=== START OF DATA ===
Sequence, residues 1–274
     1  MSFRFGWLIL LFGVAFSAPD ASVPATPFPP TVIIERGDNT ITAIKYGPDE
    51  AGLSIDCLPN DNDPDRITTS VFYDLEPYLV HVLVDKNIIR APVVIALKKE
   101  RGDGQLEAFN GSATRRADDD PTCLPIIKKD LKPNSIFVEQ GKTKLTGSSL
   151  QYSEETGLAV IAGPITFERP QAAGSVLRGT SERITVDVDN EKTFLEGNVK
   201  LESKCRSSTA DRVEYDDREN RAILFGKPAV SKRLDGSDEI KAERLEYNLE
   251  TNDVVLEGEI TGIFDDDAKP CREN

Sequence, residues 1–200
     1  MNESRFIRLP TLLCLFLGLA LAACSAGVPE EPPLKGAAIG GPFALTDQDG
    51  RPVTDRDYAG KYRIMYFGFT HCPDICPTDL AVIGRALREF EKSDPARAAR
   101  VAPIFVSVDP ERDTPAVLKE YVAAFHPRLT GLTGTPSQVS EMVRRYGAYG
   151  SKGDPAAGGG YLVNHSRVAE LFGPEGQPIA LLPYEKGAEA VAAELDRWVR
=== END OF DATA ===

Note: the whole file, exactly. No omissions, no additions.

Sequence, residues 1–274
     1  MSFRFGWLIL LFGVAFSAPD ASVPATPFPP TVIIERGDNT ITAIKYGPDE
    51  AGLSIDCLPN DNDPDRITTS VFYDLEPYLV HVLVDKNIIR APVVIALKKE
   101  RGDGQLEAFN GSATRRADDD PTCLPIIKKD LKPNSIFVEQ GKTKLTGSSL
   151  QYSEETGLAV IAGPITFERP QAAGSVLRGT SERITVDVDN EKTFLEGNVK
   201  LESKCRSSTA DRVEYDDREN RAILFGKPAV SKRLDGSDEI KAERLEYNLE
   251  TNDVVLEGEI TGIFDDDAKP CREN

Sequence, residues 1–200
     1  MNESRFIRLP TLLCLFLGLA LAACSAGVPE EPPLKGAAIG GPFALTDQDG
    51  RPVTDRDYAG KYRIMYFGFT HCPDICPTDL AVIGRALREF EKSDPARAAR
   101  VAPIFVSVDP ERDTPAVLKE YVAAFHPRLT GLTGTPSQVS EMVRRYGAYG
   151  SKGDPAAGGG YLVNHSRVAE LFGPEGQPIA LLPYEKGAEA VAAELDRWVR